Updated: Jun 27
Author: Daniel Burnett
“Ranger School Graduation” Daniel Burnett, Fort Benning, GA. February 2014. Photo.
A Tough Grade in Leadership
The rain beat down on us angrily. I had been there for what felt like years and had begun to forget what life was like outside of the gruesome training they had put us under. “Pack your trash and get your rucks on!” I called to the platoon. I was a transformed version of myself after months of this course. I had grown up a shy kid, now I was calling out confidently to 40 plus people who had all ears on me. “We are on a strict timeline, let’s move,” I waved to the 4 squad leaders to come to me. When they approached, I further instructed, “Resupply was way behind schedule, trash pickup did not come, so these guys are going to be suffering from carrying this extra weight. You need to keep these guys motivated and moving, you have 5 minutes to get them packed and in formation to move.” Resupply had indeed come in late, and the men were operating off very little sleep. Our 'grade' depended on our ability to move the platoon to mobilize and hit an objective, and the day was off to a rough start.
Ranger School consists of 3 phases: Darby, Mountains, and Florida phase. Each phase consists of 1 to 3 leadership attempts. During each attempt, a Ranger candidate is graded by a Ranger Instructor who shadows the candidates called out for leadership positions that day. All leadership positions are conducted under physical and environmental pressure that is intended to replicate a Vietnam like warzone. Men are sleep deprived and given minimal food. They must ruck anywhere from 20-40km per day and attack one or multiple objectives. The objectives are mostly conducted in raids or ambushes of an opposing force in simulated combat. The grade given is either a ‘Go,’ or a ‘No Go.’ If you receive a ‘Go,’ for that leadership position, then there is a good chance you will progress to the next phase. If you receive a ‘No Go,’ you will either repeat the phase, repeat the school, or get dropped completely. On top of this, even if a ‘Go’ is received, you are still subject to a peer evaluation given to each member of your squad at the end of each phase. If you receive a ‘Go’ but get peered out, then you will either repeat the phase, repeat the school, or get dropped completely.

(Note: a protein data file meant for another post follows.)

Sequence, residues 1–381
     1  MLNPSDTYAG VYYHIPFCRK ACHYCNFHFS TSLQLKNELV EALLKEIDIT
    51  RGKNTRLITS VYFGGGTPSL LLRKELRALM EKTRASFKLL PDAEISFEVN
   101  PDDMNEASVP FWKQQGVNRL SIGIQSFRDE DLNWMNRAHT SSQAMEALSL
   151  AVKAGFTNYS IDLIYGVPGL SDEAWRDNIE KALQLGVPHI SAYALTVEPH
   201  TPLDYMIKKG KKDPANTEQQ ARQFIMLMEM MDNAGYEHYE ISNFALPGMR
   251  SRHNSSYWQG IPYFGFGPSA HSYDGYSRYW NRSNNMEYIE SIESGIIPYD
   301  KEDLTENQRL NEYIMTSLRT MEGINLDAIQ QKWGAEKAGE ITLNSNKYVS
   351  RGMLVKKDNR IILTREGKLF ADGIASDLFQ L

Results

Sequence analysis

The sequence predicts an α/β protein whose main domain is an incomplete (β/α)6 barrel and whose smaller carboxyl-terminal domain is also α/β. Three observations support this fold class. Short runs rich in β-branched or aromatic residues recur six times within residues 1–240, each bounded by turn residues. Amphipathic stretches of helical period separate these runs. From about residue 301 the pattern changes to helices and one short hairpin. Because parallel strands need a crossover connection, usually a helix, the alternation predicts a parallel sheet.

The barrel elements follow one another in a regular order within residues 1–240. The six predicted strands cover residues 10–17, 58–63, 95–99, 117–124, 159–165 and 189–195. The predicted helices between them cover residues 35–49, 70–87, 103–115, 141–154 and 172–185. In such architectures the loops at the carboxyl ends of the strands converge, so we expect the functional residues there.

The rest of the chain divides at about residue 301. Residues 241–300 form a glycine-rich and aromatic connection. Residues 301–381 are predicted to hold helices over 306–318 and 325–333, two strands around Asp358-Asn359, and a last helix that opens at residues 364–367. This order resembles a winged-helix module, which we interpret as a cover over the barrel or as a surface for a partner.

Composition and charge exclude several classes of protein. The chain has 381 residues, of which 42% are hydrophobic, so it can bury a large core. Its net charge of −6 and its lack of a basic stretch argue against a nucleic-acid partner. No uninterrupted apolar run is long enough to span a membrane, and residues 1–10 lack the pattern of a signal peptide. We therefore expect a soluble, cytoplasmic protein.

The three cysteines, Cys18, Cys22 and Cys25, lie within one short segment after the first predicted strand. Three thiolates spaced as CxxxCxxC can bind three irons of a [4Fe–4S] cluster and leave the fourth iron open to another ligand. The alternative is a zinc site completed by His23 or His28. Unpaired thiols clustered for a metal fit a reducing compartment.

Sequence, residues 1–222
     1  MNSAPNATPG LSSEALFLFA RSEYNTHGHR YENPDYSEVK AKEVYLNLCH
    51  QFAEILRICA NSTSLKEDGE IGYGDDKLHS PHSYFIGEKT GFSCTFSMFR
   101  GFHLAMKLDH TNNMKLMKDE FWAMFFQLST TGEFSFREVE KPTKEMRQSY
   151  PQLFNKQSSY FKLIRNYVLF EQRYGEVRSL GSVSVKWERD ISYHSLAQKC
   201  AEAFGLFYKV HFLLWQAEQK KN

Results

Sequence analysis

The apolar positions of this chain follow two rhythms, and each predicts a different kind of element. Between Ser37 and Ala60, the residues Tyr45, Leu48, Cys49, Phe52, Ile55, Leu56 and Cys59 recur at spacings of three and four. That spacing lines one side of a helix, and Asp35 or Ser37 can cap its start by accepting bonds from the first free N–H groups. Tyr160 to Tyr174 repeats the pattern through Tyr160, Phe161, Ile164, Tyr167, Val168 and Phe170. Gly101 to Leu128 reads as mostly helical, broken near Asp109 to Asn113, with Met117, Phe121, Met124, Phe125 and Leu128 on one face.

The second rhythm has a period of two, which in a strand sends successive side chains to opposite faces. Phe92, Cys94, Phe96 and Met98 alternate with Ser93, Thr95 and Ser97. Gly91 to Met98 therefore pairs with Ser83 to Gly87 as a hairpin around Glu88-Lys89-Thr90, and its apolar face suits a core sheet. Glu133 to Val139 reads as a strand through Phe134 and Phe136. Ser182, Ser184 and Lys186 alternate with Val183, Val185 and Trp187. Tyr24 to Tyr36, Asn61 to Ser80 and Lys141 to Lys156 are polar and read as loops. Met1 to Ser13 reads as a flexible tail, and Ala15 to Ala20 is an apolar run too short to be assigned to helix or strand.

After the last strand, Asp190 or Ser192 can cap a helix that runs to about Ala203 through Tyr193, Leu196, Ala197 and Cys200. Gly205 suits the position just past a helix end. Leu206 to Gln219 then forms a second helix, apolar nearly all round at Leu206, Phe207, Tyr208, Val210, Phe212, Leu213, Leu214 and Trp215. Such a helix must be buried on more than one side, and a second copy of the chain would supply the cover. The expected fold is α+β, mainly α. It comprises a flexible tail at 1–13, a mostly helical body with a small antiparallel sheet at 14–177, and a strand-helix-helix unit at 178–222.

I was the platoon sergeant for the day mentioned. My objective in that position was to aid the Platoon Leader in keeping motivation and accountability of the platoon and ensuring that the squad leaders were diligent in their duties. Motivation was a struggle; the rain and sleet had been beating down on us for 6 days straight with no rest. Sleep had been more difficult than usual due to the brutal weather and the men were disgruntled about trash pickup not occurring, meaning they were carrying an extra 5-10lbs of bulky trash on top of the existing 80-100lbs of their rucksack and equipment. Our objective for the day was to walk 8km to a boat loading zone, row the zodiac boats approximately 5km to an offloading zone, and push through 8 km of swamp, on foot, infested with difficult tree root systems that made each step, confusing, difficult, and painful. There would be a brief stop before the objective to check supplies and coordinate final plans. We would then dismount our rucks and move a small distance to raid a village of enemy combatants.
The Path to Ranger School